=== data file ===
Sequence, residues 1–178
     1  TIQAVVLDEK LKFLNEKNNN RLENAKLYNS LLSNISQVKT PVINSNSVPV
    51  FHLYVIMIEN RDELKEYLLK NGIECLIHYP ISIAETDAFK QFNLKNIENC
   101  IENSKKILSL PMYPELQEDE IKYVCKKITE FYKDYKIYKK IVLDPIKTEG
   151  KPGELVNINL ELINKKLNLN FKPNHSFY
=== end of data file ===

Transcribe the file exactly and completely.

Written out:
Sequence, residues 1–178
     1  TIQAVVLDEK LKFLNEKNNN RLENAKLYNS LLSNISQVKT PVINSNSVPV
    51  FHLYVIMIEN RDELKEYLLK NGIECLIHYP ISIAETDAFK QFNLKNIENC
   101  IENSKKILSL PMYPELQEDE IKYVCKKITE FYKDYKIYKK IVLDPIKTEG
   151  KPGELVNINL ELINKKLNLN FKPNHSFY